This episode is set twenty-three years after the events of the 2005 episode "The End of the World", and thirty years prior to the events of the 2007 episode "Gridlock". Originally, Davies intended the Face of Boe to impart his message upon the Doctor in this episode; when he discovered that a third series was definitely to occur, Davies quickly decided to delay Boe's message for a year.[citation needed]

According to Russell T Davies on the episode commentary, Cassandra's earlier self bases Chip on the man who had praised her beauty at the party — Chip himself. Where the "pattern" for Chip comes from in the first instance is thus unclear, creating an ontological paradox.

Also in the commentary, Tennant noted that the TARDIS has moved since "The Christmas Invasion". He speculates that there might have been many off-screen adventures, or (observing that it no longer seems like Christmas in the introduction) perhaps that the Doctor "lived there for a bit".

Cast notesEdit

Adjoa Andoh returned to Doctor Who in five episodes of Series 3 and the final two episodes of Series 4, as Francine Jones, mother of Martha Jones. She also played Nurse Albertine in the audio play Year of the Pig.

Outside referencesEdit

Cassandra uses the UK slang term chav, although she is unable to mimic Rose's accent properly, instead making attempts at Cockney rhyming slang. Rose refers to Cassandra as "Michael Jackson" as she did in "The End of the World". She refers to Chip as "Gollum".

Broadcast and receptionEdit

Overnight ratings for the episode peaked at 8.3 million viewers in the UK,[4] with a final rating of 8.62 million, making it the ninth most watched programme of the week.[5] The episode achieved an audience Appreciation Index of 85.[6] This is the first Doctor Who episode to have an accompanying TARDISODE.

The Canadian English-language premiere of Series 2 on CBC, consisting of this episode, took place on 9 October 2006. It concluded with an extended version of the "Tooth and Claw" trailer from the BBC broadcast; the revised closing theme was not heard in the broadcast and it was also the first episode to be broadcast without a specially taped introduction featuring one of the lead actors. The episode had previously aired on 29 August 2006 in translation on the French-language broadcaster Ztélé, under the title Une nouvelle Terre.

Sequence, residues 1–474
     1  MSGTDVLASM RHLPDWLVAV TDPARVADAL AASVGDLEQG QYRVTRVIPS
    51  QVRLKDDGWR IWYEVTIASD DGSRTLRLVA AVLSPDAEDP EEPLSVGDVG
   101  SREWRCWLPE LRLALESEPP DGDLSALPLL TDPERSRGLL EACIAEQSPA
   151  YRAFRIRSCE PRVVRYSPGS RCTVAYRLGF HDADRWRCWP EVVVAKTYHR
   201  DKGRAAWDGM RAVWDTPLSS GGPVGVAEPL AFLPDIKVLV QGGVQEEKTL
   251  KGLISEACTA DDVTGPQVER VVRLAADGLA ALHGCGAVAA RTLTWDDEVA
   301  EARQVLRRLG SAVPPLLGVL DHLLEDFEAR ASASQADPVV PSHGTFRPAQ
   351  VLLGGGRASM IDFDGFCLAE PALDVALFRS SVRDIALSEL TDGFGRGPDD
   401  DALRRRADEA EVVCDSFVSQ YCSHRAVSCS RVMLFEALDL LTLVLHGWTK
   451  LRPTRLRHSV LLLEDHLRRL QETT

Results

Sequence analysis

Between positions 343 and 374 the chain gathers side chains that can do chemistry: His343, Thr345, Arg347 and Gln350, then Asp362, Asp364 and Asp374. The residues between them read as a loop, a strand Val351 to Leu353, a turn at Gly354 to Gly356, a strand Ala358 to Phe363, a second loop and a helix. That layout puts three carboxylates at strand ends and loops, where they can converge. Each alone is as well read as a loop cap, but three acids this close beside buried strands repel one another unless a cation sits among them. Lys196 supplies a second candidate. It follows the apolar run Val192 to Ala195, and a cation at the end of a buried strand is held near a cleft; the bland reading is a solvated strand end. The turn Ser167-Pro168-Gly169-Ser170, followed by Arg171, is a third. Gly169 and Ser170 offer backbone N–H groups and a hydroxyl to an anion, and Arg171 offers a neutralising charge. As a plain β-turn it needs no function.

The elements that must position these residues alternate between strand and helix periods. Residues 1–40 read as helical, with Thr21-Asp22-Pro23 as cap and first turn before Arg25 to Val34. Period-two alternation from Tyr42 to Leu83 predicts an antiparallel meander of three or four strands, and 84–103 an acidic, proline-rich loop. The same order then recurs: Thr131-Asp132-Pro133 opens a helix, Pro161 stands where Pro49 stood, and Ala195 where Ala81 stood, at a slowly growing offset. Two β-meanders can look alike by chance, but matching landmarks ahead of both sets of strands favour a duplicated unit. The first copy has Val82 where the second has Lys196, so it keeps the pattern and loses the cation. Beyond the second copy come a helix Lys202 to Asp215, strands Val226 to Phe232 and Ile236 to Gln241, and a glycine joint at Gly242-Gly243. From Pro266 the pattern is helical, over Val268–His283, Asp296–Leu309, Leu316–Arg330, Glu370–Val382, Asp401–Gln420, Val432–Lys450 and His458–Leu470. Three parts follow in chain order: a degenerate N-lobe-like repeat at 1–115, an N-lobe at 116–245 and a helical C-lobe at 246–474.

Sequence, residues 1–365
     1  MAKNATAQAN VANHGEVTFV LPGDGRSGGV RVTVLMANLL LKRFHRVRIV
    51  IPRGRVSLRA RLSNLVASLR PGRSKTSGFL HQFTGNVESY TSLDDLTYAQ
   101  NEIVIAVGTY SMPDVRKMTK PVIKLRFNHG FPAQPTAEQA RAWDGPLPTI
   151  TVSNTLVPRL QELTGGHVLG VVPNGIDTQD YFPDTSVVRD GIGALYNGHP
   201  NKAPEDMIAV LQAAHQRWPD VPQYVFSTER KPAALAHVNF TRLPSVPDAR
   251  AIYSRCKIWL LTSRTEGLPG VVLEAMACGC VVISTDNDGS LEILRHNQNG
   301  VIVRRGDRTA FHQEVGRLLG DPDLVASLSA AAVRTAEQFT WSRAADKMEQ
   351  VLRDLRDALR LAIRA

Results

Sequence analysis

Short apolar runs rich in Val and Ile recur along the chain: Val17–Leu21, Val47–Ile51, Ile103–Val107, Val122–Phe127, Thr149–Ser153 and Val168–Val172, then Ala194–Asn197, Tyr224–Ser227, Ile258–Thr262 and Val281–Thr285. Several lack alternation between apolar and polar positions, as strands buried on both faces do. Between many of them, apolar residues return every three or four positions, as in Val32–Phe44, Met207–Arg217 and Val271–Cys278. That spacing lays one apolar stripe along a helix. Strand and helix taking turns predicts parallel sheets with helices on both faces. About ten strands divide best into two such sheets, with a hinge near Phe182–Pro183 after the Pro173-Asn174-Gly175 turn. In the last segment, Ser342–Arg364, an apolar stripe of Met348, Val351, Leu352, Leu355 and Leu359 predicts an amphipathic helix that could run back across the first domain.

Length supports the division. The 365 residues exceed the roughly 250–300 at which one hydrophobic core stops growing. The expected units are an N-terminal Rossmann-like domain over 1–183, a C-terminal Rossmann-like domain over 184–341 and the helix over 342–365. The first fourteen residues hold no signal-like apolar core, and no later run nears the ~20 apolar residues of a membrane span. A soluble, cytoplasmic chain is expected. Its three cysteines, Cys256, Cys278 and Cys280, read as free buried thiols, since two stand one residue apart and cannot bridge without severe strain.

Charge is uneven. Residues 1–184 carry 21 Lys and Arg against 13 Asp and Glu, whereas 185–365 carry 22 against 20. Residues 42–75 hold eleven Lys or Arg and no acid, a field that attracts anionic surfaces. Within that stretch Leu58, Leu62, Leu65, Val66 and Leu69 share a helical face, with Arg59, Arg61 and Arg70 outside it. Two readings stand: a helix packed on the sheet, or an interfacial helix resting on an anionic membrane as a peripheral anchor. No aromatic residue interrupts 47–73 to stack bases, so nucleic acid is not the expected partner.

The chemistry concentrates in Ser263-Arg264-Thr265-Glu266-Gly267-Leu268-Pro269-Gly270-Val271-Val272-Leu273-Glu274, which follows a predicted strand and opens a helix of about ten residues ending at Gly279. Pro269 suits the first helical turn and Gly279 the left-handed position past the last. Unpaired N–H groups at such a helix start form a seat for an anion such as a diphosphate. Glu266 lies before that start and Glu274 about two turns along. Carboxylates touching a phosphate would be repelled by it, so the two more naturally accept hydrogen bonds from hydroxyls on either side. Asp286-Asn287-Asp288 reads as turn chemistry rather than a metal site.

This episode was released together with "The Christmas Invasion" as a basic DVD with no special features on 1 May 2006, and as part of a second series boxset on 20 November 2006. *Copies of the DVD from the complete Series 2 set distributed to Netflix customers contained an error: at the 32-minute mark, the playback switched abruptly to a scene from The Texas Chainsaw Massacre: The Beginning. Netflix has pulled the disc from their inventory while they work out the issue with the BBC; this only seems to have affected Netflix copies.[7]

IGN's rated the episode 7.2 out of 10, concluding, "Although this was an entertaining episode, it did not have the dramatic impact of the previous episode. Overall, "New Earth" featured more than a few interesting moments, such as the scenes with the Doctor and the Face of Boe, and Billie Piper's performance as the Casandra-possessed Rose was hilarious; but the zombie attack felt quite out of place for a Doctor Who episode".[8] Nick Setchfield of SFX questioned whether the "brash, colourful and occasionally howl-out-loud funny" tone was appropriate enough to start the series, but he praised the concept of the cat nuns as well as their prosthetics, Tennant's performance, and the ending that "alchemises the broad strokes comedy into something genuinely moving".[9] Writing for The A.V. Club in 2014, Alasdair Wilkins gave "New Earth" the grade of "C+". He noted that, likely due to production difficulties, it "too often feels like it is missing vital context" and suffered from unconvincing special effects. Furthermore, he criticised the story for being "caught between two irreconcilable tones" and featuring a "baffling" ending that wished to redeem Cassandra. Nevertheless, he found Tennants performance to be impressive though not as coherent as he eventually will be, and he praised Piper despite the fact that the story lacked Rose's character.[10]


  1. ^ Radio Times, 8–14 April
  2. ^ "Walesarts, Worm's Head, Rhossili, Gower". BBC. Retrieved 30 May 2010.
  3. ^ a b c d e "Doctor Who New Earth location guide". BBC. Retrieved 29 March 2012.
  4. ^ "Doctor Who attracts eight million". BBC News. 16 April 2006. Retrieved 21 January 2007.
  5. ^ "Weekly Top 30 Programmes". Broadcasters' Audience Research Board. Retrieved 29 March 2012.
  6. ^ "none", Doctor Who Magazine: Series Two Companion (14 – Special Edition), 9 November 2006
  7. ^ Bement, Jeremy (20 January 2007). "Netflix needs the Doctor". Outpost Gallifrey News Page. Archived from the original on 20 January 2007. Retrieved 21 January 2007.
  8. ^ Haque, Ahsan (2 October 2006). "Doctor Who: "New Earth" Review". IGN. Retrieved 15 August 2011.
  9. ^ Setchfield, Nick (30 March 2006). "Doctor Who: New Earth". SFX. Archived from the original on 9 May 2006. Retrieved 23 March 2012.
  10. ^ Wilkins, Alasdair (26 January 2014). "Review: Doctor Who: "New Earth"/"Tooth and Claw"". The A.V. Club. Retrieved 27 May 2014.

External linksEdit